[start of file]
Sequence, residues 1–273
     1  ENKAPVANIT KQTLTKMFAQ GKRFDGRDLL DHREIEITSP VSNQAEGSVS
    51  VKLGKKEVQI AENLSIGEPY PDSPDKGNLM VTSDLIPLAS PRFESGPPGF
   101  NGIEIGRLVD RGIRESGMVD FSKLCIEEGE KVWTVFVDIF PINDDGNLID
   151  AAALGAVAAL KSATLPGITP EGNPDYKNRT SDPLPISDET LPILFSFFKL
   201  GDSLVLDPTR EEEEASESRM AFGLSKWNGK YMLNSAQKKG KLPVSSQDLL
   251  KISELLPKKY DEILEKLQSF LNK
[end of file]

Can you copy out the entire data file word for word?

Sequence, residues 1–273
     1  ENKAPVANIT KQTLTKMFAQ GKRFDGRDLL DHREIEITSP VSNQAEGSVS
    51  VKLGKKEVQI AENLSIGEPY PDSPDKGNLM VTSDLIPLAS PRFESGPPGF
   101  NGIEIGRLVD RGIRESGMVD FSKLCIEEGE KVWTVFVDIF PINDDGNLID
   151  AAALGAVAAL KSATLPGITP EGNPDYKNRT SDPLPISDET LPILFSFFKL
   201  GDSLVLDPTR EEEEASESRM AFGLSKWNGK YMLNSAQKKG KLPVSSQDLL
   251  KISELLPKKY DEILEKLQSF LNK